It’s a simple question, really: When should investors start buying General Electric Company (NYSE:GE) stock? Unfortunately, the answer is not simple. The industrial giant still has cash flow issues, although leadership is taking command behind new CEO John Flannery. But even with a solid plan now in place, it takes time to execute. All the while, the GE stock price continues to flounder.
What Do We Make of GE Stock?
The 50% dividend cut shouldn’t have been a surprise. Even though management said the dividend was a priority, it never said it was a guarantee. That’s something I have pointed out several times in the past, along with the company’s free-cash flow (FCF) and operating cash flow (OCF) issues.
Truth is, free-cash flow has been operating as a deficit for quite some time. Currently, GE’s trailing 12 months of FCF is negative to the tune of $ 2 billion, a far cry from the FCF it was generating just a few years ago. In fact, its OCF stood at $ 27.7 billion and $ 19.9 billion in 2014 and 2015, respectively. In fiscal 2016, it fell to a $ 244 million deficit.
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It’s improved this year, now standing near $ 4.2 billion over the past three quarters. But it’s no surprise the dividend had to be reduced and that Flannery is paring down businesses. Truth be told, I think this is the man to lead GE out the massive hole prior management had dug. With a mostly new board of directors and Flannery leading the charge, the company plans to cut jobs and pare off businesses it doesn’t need. This will allow GE’s true cash-flow generators to shine and its margins to increase.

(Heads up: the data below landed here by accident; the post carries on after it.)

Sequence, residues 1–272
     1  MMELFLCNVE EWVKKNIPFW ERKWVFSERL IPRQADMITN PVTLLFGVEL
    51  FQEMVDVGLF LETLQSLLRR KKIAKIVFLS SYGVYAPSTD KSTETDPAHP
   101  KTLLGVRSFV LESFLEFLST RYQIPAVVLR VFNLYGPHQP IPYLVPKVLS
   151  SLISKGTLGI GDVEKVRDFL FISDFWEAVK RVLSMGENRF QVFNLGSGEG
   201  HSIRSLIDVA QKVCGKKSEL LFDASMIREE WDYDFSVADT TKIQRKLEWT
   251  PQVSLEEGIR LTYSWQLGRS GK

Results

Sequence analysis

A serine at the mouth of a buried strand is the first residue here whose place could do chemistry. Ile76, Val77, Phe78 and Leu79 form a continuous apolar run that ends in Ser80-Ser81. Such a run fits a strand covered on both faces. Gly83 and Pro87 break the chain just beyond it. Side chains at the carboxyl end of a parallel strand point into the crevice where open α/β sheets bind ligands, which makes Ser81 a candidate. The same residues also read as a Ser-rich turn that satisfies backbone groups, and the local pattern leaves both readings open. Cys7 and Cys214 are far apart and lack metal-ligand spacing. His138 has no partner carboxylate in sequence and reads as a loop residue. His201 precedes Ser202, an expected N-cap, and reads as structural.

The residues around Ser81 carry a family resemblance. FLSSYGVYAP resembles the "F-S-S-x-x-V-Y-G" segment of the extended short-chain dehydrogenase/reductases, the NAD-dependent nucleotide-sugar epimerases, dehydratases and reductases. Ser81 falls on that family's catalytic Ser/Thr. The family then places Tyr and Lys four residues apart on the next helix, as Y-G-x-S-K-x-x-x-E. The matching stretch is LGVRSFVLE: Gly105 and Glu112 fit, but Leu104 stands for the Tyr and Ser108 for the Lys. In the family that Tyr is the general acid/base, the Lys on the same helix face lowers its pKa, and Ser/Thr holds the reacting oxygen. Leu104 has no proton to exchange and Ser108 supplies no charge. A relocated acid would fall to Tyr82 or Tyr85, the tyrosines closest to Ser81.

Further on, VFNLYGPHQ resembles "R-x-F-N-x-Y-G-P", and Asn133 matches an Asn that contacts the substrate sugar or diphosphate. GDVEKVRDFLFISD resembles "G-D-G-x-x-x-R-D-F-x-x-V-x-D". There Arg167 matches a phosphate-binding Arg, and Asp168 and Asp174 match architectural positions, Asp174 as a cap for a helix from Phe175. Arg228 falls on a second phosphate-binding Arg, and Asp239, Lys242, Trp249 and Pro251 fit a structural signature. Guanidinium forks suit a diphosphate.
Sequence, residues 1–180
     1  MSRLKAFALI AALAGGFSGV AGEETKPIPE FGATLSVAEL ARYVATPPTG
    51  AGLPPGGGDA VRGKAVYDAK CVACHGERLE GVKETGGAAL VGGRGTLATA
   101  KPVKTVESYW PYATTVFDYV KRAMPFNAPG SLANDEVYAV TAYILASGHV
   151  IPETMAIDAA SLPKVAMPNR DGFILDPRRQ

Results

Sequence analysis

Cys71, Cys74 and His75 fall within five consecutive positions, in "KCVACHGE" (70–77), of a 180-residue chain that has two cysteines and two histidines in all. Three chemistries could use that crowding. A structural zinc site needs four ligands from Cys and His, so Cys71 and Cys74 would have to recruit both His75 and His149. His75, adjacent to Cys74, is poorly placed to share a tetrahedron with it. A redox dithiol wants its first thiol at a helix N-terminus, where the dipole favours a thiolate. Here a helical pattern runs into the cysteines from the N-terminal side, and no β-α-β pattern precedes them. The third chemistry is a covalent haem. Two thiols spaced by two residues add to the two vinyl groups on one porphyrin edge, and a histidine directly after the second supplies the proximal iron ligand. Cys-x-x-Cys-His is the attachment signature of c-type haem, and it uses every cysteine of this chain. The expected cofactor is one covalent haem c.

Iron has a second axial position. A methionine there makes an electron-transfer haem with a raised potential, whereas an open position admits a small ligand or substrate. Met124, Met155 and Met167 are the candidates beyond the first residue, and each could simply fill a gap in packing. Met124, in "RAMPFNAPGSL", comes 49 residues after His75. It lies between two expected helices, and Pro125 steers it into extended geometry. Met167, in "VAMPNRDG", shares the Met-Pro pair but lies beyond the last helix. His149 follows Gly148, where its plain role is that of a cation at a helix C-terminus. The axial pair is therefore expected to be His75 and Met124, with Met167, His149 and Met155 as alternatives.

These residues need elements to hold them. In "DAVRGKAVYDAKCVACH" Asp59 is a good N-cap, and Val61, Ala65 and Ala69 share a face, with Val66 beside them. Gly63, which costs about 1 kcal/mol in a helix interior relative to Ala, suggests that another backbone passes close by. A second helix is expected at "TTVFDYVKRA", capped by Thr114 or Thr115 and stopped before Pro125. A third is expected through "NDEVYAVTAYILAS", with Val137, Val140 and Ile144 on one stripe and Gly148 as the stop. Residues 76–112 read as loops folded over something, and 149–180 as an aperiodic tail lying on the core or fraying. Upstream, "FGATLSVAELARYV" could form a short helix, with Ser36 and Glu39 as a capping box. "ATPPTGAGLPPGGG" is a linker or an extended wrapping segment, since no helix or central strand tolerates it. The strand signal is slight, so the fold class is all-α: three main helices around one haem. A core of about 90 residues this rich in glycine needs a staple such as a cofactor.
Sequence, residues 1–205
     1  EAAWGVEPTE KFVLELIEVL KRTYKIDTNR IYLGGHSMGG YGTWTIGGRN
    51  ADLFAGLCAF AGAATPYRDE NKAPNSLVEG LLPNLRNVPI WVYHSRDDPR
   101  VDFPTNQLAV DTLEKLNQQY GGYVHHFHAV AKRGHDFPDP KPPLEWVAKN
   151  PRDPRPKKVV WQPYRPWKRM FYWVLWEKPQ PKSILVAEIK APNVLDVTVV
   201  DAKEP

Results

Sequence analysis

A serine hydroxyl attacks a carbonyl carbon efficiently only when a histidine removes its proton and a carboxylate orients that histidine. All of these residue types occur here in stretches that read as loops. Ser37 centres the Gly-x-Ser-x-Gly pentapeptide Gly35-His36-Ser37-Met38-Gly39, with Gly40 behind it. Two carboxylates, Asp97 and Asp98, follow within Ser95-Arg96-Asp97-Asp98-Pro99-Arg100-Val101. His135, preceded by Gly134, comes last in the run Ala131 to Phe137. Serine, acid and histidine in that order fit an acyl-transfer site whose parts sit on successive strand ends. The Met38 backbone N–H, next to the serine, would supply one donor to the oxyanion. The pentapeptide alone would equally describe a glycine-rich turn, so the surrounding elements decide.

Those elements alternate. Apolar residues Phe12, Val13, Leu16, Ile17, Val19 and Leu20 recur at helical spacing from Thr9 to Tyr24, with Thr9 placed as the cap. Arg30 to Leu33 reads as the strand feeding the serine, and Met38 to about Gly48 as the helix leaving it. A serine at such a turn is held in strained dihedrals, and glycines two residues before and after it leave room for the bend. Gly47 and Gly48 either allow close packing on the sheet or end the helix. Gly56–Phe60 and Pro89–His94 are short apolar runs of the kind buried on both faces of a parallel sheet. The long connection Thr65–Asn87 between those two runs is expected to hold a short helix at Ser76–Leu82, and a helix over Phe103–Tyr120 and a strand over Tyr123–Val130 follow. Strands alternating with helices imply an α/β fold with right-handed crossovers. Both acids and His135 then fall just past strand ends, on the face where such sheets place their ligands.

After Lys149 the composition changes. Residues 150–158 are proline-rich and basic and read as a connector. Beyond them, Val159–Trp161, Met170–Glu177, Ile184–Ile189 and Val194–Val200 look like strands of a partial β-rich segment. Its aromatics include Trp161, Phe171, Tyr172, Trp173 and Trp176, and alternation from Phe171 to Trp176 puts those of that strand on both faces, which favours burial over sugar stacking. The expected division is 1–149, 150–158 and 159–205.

The downside to all of this restructuring? It takes time. JPMorgan Chase & Co.‘s (NYSE:JPM) Stephen Tusa has been pretty spot on about GE, nailing nearly all of its decline this year. His current price target is $ 17. Consensus estimates call for earnings of $ 1.07 this year, down big from the $ 1.55 that analysts had forecast at the start of October.
But the issue compounds in 2018, where estimates call for earnings per share of $ 1.03. Only in 2019 — still a ways away and subject to revisions — does Wall Street expect a return to growth, forecasting earnings of $ 1.24 per share.
chart of GE stock price
Long-term chart of GE stock price. Click on image to enlarge.
In this respect, it’s hard to get excited about GE stock price. Earnings are forecast to fall 28% this year, while flat earnings growth in 2018 would be an achievement. That’s why for as much as GE stock has fallen, I think more downside could exist. There’s a plan in place, but it will take time to execute and there will be hiccups along the way.
Trading GE Stock Price
General Electric’s fall has been brutal for what’s supposed to be an industrial stalwart. Making matters worse, other industrial and aerospace players — like Boeing Co (NYSE:BA), Honeywell International Inc. (NYSE:HON) and United Technologies Corporation (NYSE:UTX) — continue to knock it out of the park.
chart of GE stock price
Click on image to enlarge.
So what do we do with GE? Let’s look at the eight year chart. Some might consider $ 17.76 close enough to $ 17 to start buying. After all, they could buy now and use that significant level as a stop-loss. I would actually want to buy GE stock at $ 17 rather than stop-out at that level, though.
The reasoning is simple: GE stock price has blown through significant support level after level. Maybe $ 17 holds or maybe it gives way to $ 15. I don’t know yet, but I do know the fundamental outlook isn’t improving much over the next 9 to 15 months. Given that, there could easily be a lack of buyers, allowing shares to drift lower. My plan would be to buy a half-position at $ 17 and make it a full position at $ 15. If it never gets to $ 15, so be it. But I will at least have my toes in the water should GE stock price establish a bottom.
Further, it’s current lows near $ 17.50 don’t look guaranteed to hold. If we see $ 17, it’s time to buy. (For reference, at $ 16, GE stock would yield 3%.)
Bret Kenwell is the manager and author of Future Blue Chips and is on Twitter @BretKenwell. As of this writing, Bret Kenwell did not hold a position in any of the aforementioned securities.
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